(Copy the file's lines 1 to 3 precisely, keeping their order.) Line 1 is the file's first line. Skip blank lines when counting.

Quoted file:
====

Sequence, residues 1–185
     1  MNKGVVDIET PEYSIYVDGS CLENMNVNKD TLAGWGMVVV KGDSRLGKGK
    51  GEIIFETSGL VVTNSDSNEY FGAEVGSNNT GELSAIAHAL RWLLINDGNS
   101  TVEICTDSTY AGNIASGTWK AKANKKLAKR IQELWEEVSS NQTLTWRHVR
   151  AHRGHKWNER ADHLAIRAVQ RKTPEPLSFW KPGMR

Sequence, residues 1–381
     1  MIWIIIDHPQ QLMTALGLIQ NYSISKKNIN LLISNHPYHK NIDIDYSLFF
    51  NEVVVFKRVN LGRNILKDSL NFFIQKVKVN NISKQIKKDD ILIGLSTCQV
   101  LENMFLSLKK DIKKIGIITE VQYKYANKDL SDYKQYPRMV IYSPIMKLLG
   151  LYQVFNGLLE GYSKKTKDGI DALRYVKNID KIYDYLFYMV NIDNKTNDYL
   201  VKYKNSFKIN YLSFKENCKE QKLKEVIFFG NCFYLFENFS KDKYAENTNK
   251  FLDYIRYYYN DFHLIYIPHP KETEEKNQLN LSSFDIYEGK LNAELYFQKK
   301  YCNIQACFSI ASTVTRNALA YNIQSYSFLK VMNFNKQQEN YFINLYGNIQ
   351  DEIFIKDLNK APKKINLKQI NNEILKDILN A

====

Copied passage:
Sequence, residues 1–185
     1  MNKGVVDIET PEYSIYVDGS CLENMNVNKD TLAGWGMVVV KGDSRLGKGK
    51  GEIIFETSGL VVTNSDSNEY FGAEVGSNNT GELSAIAHAL RWLLINDGNS